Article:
Another patient, in a similar study, wrote a series of very specific schedules regarding the exercises he would do each time he went to the bathroom. A third wrote a minute-by-minute itinerary for walking around the block. As the psychologist scrutinized the booklets, she saw that many of the plans had something in common: They focused on how patients would handle a specific moment of anticipated pain.

The man who exercised on the way to the bathroom, for instance, knew that each time he stood up from the couch, the ache was excruciating. So, he wrote out a plan for dealing with it: Automatically take the first step, right away, so he wouldn’t be tempted to sit down again. The patient who met his wife at the bus stop dreaded the afternoons, because that stroll was the longest and most painful each day. So, he detailed every obstacle he might confront, and came up with a solution ahead of time.

Put another way, the patients’ plans were built around inflection points when they knew their pain—and thus the temptation to quit—would be strongest. The patients were telling themselves how they were going to make it over the hump.


Rule Three: Give Yourself a Reward

Each patient also did something else: They defined the reward they would receive when they made it over that hump. The man who met his wife at the bus stop, for instance, identified an easy reward—he got to see his wife. For the man aching on the way to the bathroom, the reward was a little more calculated: he put a bowl of M&Ms next to the bathroom door and allowed himself to eat one on the way in and the way out.

Rewards are essential in creating habits because they are at the core of how our neurology functions. Our brains are wired to transform patterns with clear rewards into automatic reactions. But many people don’t reward themselves when they achieve a small goal. Rather, they just push onto the next task. But without that reward, the behavior—such as exerting willpower—will never become a habit.

Rewards are essential in creating habits because they are at the core of how our neurology functions.

For the patients in the Scottish study, these three principles had amazing impacts. They made the hard work of rehabilitation into something automatic. They made willpower into a habit. There’s no reason why other patients—the ones who didn’t write out recovery plans—couldn’t have behaved the same way. Everyone had been exposed to the same admonitions and warnings at the hospital. They all knew exercise was essential for their recovery. They all spent weeks in rehab. But the patients who didn’t write out any plans were at a significant disadvantage because they never thought ahead about how to deal with painful inflection points. They never deliberately designed willpower habits. They never consciously gave themselves rewards for making it through the pain.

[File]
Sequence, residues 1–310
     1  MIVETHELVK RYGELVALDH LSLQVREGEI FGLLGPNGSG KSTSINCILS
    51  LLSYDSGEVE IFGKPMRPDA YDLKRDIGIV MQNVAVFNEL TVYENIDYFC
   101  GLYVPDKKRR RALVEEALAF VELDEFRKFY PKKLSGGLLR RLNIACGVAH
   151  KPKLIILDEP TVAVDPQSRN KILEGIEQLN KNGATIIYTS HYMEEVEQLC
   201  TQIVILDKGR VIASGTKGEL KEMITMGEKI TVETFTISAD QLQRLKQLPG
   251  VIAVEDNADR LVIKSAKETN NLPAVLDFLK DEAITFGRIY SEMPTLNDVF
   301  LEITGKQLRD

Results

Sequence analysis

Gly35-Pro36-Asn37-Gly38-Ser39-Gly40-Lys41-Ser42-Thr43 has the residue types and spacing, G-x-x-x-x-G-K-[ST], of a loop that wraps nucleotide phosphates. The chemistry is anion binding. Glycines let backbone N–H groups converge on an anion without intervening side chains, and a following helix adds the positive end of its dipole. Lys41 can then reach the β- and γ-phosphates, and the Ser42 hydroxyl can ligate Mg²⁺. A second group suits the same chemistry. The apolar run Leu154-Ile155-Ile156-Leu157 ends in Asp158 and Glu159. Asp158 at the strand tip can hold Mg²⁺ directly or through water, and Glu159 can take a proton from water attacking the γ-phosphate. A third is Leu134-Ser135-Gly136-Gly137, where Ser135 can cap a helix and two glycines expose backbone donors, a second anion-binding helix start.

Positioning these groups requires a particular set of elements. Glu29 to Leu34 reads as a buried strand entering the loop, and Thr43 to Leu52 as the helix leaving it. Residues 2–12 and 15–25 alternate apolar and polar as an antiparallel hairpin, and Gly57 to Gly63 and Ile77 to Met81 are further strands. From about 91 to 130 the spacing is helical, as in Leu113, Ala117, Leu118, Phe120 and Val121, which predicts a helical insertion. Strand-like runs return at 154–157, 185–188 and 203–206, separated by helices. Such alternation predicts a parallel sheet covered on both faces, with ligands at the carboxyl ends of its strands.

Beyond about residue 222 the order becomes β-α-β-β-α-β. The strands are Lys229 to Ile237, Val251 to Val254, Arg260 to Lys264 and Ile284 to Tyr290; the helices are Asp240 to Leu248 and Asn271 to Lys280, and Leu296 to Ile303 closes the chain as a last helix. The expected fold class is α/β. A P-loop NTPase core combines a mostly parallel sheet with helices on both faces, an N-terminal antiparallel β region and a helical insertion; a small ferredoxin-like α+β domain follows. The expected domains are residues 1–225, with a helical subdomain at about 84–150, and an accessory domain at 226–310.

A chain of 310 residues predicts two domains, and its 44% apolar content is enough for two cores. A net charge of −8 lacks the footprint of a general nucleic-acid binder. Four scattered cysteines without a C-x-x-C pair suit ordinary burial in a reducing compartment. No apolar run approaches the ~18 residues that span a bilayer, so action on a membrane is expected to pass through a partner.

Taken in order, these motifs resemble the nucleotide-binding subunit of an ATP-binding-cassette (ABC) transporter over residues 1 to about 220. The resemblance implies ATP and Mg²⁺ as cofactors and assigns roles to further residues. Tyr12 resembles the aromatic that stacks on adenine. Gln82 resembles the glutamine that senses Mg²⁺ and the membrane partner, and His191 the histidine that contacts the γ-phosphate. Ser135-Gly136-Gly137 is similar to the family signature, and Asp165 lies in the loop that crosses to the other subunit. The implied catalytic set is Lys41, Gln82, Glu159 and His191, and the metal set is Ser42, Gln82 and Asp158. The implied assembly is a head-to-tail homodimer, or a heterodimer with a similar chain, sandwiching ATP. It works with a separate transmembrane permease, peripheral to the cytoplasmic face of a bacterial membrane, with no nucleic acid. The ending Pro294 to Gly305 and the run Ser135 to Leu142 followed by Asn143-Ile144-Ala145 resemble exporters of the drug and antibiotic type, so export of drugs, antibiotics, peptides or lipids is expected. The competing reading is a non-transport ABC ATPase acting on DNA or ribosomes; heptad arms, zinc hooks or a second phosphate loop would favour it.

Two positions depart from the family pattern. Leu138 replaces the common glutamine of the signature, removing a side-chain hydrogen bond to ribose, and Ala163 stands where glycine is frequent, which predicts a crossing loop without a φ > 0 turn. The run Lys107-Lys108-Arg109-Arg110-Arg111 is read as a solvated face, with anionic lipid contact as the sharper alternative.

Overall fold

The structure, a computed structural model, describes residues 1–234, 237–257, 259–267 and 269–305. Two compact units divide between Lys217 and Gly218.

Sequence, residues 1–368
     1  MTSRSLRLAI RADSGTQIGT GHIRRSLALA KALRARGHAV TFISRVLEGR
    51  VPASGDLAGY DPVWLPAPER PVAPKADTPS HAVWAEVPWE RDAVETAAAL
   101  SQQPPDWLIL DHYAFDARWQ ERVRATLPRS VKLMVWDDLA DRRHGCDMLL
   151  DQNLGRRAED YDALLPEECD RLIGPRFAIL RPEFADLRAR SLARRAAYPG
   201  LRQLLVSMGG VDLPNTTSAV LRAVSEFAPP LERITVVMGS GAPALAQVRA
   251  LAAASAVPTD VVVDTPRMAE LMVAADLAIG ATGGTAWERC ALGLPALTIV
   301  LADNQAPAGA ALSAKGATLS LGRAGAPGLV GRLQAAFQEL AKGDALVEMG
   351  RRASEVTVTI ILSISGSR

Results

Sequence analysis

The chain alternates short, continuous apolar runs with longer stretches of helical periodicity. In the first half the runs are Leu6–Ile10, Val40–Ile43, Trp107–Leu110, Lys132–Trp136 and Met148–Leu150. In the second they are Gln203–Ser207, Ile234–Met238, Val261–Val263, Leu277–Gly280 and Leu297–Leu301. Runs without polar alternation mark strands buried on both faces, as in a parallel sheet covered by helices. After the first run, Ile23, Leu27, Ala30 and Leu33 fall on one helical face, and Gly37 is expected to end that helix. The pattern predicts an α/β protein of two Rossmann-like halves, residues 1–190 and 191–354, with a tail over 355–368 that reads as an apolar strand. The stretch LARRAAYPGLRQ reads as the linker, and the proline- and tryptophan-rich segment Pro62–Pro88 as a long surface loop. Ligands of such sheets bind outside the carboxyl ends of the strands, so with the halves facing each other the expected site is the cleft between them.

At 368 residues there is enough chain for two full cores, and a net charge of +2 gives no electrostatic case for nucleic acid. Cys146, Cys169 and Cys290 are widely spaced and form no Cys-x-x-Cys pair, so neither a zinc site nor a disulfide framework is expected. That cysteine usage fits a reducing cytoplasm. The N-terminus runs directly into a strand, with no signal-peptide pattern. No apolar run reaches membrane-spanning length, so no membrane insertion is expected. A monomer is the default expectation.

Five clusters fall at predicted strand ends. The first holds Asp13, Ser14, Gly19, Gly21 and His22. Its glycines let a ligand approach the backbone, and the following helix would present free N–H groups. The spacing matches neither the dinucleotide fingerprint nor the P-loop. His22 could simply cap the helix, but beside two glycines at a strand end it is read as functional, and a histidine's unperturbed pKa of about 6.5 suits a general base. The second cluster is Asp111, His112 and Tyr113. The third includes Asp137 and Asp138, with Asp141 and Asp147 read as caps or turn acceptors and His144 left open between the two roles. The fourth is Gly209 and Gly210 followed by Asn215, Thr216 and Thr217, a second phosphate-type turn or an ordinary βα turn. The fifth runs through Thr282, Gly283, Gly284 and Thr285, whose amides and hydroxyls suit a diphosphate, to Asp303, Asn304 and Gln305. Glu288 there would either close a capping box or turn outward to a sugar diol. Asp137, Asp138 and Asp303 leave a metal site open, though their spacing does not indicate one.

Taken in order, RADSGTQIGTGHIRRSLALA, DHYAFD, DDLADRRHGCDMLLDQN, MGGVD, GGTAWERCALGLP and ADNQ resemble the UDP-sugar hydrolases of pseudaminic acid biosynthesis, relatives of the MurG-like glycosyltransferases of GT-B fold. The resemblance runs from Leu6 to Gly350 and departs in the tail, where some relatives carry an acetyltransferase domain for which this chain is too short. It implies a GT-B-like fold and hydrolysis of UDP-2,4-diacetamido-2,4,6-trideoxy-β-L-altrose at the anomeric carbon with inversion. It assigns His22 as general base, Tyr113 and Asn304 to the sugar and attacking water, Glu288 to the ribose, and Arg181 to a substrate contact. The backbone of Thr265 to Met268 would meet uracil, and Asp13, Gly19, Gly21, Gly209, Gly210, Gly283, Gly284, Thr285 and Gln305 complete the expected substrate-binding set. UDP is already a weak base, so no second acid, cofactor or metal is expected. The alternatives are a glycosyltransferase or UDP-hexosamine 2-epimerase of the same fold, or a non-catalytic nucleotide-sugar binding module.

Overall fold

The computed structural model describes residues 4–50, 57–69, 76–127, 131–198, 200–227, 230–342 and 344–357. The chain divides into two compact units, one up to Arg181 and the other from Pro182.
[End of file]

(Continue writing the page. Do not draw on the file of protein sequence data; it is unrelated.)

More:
What This Means for Leaders

What does this mean for us, as leaders? It means we have an obligation not just to help people identify the right goals, but to aid them in understanding the means to overcome the obstacles they are likely to confront along the way. We know that big tasks are easier to accomplish when we break them into smaller pieces. But, as leaders, we have a greater responsibility than simply helping someone break down a task: We must also teach them to anticipate the setbacks, to plan ahead how they will react, and help them understand that willpower can become a habit—if you know how to make it so.

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About the Author
Charles Duhigg is a Pulitzer Prize-winning investigative reporter.

Charles Duhigg

Pulitzer Prize-Winning Investigative Reporter

Duhigg is a Pulitzer Prize-winning investigative reporter. A former writer for The New York Times, he has authored or contributed to multiple series, including “The Reckoning” (2008), which studied the causes and outcomes of the financial crisis, and “The iEconomy”, which examined the global economy through the lens of Apple, and which won the 2013 Pulitzer Prize in explanatory journalism. He has won many awards including the George Polk Award (2007), the Gerald Loeb Award (2008), and the National Journalism Award (2009), he was also a Business News Visionary Award recipient (2020-2021). Currently, Duhigg writes for The New Yorker and hosts the "How To!" podcast for Slate Magazine. In addition to his reporting, Charles Duhigg is a regular contributor to television and radio, including the Newshour with Jim Lehrer, Frontline, Dr. Oz and various programs on CNBC and NPR. Duhigg is the best-selling author of  The Power of Habit: Why We Do What We Do in Life and Business, which explores the science of habit formation in our lives, companies and societies. His newest book Smarter Faster Better: The Secrets of Being Productive in Life and Business is a fascinating exploration of the science of productivity, and why, in today’s world, managing how you think—rather than what you think—can transform your life.